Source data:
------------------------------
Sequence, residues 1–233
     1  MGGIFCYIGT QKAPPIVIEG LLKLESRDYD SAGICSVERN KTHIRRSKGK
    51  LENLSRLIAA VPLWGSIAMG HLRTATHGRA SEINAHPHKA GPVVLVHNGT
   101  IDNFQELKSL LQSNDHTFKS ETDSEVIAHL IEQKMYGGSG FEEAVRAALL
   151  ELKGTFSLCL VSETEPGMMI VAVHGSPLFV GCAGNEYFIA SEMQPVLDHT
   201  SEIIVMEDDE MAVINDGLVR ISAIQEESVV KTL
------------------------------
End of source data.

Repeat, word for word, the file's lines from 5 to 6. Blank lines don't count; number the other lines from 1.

   151  ELKGTFSLCL VSETEPGMMI VAVHGSPLFV GCAGNEYFIA SEMQPVLDHT
   201  SEIIVMEDDE MAVINDGLVR ISAIQEESVV KTL